I came across a crazy news story last week, and since it is tangentially related to matters that I like to blog about, I thought it would be worth tackling. Here are both the headline and the subhead that made me click the link.

3 accused in desecration of Colebrook grave
Grave desecration related to inheritance, police say
In case you are interested in the whole backstory, here is a link:
Here is my “Reader’s Digest” version of what happened. Local businessman dies. Ten years later (yes, 10 years) one of his daughters engages the help of some friends to go and dig up his grave, convinced (somehow) that he was buried with the “Real Will”.

There are a few elements to this story that I found surprising, the first of which is the location, in New Hampshire. For whatever reason I had figured that it would more likely have taken place in any number of other US states, none of which I will name here, I will let you use your imagination and choose your “favourite” state.

Another surpise was the time that elapsed between the burial and the desecration. We can assume that the daughter was not happy with the way the estate was settled, but why did she decide to wait ten years to act on it?

We will get away from this specific story and move on to more general comments in a moment but not before asking the obvious question: “Who the heck would bury someone with the “real will”, or any will, for that matter?”

Okay, end of rant. So what really went on here, and how could all this have been avoided?

Well for one thing, if the businessman had taken the time to inform his family members of the contents of his will, while he was still alive, I think it is pretty safe to assume this scene would have been avoided.

Maybe some people reading this think I am crazy for thinking that sharing the contents of your will with others is a good idea, and that would not surprise me.

A few weeks ago I was in Vancouver for the CAFÉ (Cdn Assoc. of Family Entrprises) Symposium. Tom Deans, author of the book “Willing Wisdom”, was one of the keynote speakers.

Deans talked about getting family members involved and writing a”collaborative will”. He admits that sometimes his message is not well received, and many people look at his proposition with great scepticism.

I am not one of those people, and I believe that he and I are singing from the same page. In my soon-to-be-released book, SHIFT your Family Business, you will be able to read my take on the subject of working together with your family on important issues like your legacy.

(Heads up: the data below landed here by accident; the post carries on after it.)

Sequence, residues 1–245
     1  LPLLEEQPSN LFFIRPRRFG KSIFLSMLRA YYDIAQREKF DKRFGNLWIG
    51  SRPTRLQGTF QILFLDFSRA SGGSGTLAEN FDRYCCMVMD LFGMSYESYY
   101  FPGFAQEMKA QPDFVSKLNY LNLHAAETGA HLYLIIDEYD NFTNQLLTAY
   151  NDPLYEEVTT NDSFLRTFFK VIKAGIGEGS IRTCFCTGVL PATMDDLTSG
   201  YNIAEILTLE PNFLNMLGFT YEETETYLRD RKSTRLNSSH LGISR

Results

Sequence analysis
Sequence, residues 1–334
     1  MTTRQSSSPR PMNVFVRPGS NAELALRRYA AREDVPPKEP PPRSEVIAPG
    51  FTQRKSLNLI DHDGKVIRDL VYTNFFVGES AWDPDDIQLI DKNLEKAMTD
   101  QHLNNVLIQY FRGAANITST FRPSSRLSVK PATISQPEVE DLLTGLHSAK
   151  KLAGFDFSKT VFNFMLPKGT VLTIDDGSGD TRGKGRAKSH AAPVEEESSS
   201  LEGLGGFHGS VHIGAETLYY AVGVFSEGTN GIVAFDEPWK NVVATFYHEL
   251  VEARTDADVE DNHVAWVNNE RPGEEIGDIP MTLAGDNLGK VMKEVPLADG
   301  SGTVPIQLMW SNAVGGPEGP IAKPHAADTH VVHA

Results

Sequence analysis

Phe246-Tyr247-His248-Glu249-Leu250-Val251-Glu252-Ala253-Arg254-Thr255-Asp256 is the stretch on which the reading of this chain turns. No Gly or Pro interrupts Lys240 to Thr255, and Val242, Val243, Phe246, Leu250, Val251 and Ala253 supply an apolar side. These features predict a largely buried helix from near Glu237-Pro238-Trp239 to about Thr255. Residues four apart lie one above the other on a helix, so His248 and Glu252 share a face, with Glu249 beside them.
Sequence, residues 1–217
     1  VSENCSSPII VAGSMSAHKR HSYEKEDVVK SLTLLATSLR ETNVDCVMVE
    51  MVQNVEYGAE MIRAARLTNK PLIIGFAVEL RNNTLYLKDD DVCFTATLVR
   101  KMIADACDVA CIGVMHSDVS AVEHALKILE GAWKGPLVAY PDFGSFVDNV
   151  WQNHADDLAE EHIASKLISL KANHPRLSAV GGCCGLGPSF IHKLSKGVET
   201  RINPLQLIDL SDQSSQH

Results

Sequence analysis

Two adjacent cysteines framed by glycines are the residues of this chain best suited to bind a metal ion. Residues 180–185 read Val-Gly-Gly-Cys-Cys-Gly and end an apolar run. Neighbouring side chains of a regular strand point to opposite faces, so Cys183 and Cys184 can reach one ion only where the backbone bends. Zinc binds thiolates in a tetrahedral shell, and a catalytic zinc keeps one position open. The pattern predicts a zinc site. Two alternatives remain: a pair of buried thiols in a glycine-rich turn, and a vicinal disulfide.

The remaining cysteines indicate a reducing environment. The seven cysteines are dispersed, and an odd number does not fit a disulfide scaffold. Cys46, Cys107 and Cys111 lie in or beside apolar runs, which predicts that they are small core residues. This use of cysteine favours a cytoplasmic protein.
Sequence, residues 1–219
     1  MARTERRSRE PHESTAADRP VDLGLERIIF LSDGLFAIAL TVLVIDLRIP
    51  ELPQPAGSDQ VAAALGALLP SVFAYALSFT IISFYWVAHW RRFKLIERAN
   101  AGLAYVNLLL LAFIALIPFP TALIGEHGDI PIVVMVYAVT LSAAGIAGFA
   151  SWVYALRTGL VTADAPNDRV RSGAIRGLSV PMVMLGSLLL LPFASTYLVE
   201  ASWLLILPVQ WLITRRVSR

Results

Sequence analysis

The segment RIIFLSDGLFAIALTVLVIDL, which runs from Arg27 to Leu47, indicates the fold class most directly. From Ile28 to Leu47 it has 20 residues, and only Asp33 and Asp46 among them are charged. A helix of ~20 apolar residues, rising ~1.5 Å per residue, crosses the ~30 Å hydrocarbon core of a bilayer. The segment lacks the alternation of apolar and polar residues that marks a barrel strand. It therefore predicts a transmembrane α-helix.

Collaboration and communication are two important aspects of business families that often do not get the recognition that they should.

The more people work together on something, and have a hand in how it is put together, the more likely they are to support it in the future. Whether it is a family business, other family assets or wealth, or simply a will that lays out someone’s wishes, it doesn’t much matter.

Get your loved ones involved, or at the very least let them know what is in your will, so that they won’t be surprised and disappointed later. If that means disappointing them now, and you want to avoid that, well then you have some things to work on, don’t you?

And for God sakes make sure that they don’t bury you with the “Real Will”.

But your kids are smarter than that, right?

Steve Legler “gets” business families.
He understands the issues that families face, as well as how each family member sees things from their own viewpoint.
He specializes in helping business families navigate the difficult areas where the family and the business overlap, by listening to each person’s concerns and ideas.  He then helps the family work together to bridge gaps by building common goals, based on their shared values and vision.
His background in family business, his experience running his own family office, along with his education and training in coaching, facilitation, and mediation, make him uniquely suited to the role of advising business families and families of wealth.
He is the author of Shift your Family Business (2014), he received his MBA from the Richard  Ivey School of Business (UWO, 1991), is a CFA Charterholder (CFA Institute, 2002), a Family Enterprise Advisor (IFEA 2014), and has received the ACFBA and CFWA accreditations (Family Firm Institute 2014-2015).
He prides himself on his ability to help families create the harmony they need to support the legacy they want. To learn how, start by signing up for his monthly newsletter and weekly blogs here.